On Image Representation and Linguistic Performance in Sexual Violence News on Mainstream Media

İpek Çınar
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‘Representations are productive: photographs, far from merely reproducing a pre-existing world, constitute a highly coded discourse which, among other things, constructs whatever is in the image as object of consumption - consumption by looking, as well as often quite literally by purchase. It is no coincidence, therefore, that in many highly socially visible (and profitable) forms of photography women dominate the image. Where photography takes women as its subject matter, it also constructs "woman" as a set of meanings which then enter cultural and economic circulation on their own account.' (1)


There is an issue that although it makes me very uncomfortable for a long time, I cannot put into words the cause of this discomfort, so I am trying to read more about it. I am trying to focus on news and image production methods (which leave a bad taste in the mouth) in mainstream media about the news on sexual violence. They are on the news, billboards, mailboxes at any time and any place and the sharp edge of them is always coming down right on my lap. These sharp edges cannot be easily identifiable. Therefore, these images almost always sexualized the women by emphasizing the victimization of the person who is being attacked. Moreover, the language of the news overflow with words like ‘helpless', ‘weak', ‘drama', or sensational phrases like ‘twisted in the pain', ‘being raped for days'.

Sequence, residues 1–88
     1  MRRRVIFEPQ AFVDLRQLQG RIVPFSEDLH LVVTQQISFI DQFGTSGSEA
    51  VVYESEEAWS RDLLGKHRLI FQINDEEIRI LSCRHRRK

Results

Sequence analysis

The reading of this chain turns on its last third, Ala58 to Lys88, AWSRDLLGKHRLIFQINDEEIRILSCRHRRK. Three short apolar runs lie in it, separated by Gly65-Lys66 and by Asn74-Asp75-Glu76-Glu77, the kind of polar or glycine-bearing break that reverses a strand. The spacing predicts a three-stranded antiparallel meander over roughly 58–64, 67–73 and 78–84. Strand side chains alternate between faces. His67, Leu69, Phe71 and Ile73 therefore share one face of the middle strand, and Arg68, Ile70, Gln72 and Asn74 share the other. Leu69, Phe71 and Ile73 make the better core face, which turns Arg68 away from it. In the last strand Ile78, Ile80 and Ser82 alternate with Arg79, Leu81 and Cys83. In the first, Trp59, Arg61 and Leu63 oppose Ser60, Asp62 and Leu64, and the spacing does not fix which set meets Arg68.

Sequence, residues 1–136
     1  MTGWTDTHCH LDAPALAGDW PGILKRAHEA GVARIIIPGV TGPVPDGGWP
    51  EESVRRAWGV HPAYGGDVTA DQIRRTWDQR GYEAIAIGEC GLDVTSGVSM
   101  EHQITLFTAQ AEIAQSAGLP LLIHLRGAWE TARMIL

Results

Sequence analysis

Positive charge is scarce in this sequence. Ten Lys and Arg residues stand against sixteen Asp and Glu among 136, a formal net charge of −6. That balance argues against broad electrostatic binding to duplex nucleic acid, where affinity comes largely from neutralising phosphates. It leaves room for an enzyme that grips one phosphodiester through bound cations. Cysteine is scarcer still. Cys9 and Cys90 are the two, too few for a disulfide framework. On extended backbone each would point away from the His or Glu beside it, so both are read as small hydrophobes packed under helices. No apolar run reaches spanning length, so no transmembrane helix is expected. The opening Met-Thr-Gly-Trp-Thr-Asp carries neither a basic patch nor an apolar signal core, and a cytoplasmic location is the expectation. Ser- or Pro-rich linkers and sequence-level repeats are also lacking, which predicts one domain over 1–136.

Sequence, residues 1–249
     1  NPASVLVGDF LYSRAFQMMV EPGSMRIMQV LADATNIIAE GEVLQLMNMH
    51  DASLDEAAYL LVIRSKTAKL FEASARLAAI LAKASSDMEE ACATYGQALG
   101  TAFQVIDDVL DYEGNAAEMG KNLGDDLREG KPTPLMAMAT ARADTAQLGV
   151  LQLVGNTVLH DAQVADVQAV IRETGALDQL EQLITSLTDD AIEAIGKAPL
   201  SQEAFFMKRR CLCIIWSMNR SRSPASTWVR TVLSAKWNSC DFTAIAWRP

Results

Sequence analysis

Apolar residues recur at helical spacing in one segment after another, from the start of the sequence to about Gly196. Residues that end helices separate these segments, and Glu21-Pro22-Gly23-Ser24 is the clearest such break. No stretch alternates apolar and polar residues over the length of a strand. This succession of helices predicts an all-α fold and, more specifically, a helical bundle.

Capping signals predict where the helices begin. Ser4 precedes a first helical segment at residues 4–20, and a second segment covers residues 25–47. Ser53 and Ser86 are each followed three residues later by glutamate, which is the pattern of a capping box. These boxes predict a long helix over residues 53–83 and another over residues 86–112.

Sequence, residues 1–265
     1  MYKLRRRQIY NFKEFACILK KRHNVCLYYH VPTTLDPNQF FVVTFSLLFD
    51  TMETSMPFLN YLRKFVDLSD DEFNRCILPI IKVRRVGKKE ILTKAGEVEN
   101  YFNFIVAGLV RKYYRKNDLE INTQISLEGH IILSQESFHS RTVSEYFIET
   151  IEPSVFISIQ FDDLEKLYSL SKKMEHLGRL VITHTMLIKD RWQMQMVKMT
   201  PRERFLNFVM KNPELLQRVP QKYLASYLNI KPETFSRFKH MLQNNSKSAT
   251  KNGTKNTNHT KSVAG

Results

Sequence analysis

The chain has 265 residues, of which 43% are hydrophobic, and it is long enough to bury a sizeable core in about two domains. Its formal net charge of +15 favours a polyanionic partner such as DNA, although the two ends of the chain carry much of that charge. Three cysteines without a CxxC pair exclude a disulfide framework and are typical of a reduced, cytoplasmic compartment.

In this article there will be no image, I must warn you beforehand. Although I am aware of how compelling it is to read an article without images, the idea of reproducing these images once again is sickening me. My only concern is talking about several key names and concepts of media and cultural studies in order to explain such a sensitive issue better. These keywords helped me a lot through my struggle with putting this into words, and hopefully, they will have the same effect on other people who have a question mark in their mind, or it will cause to create one.  

By the end of 2016, I had started to take the course that I benefited most in my undergraduate education. I haven't been a bright student since my high school years which necessitated something beyond the basic knowledge of mathematics and grammar. The title of that course was "Media and Opinion" and I stumbled upon the wonderful book that I had heard about but never opened its cover until that day: "Dialectic of Enlightenment".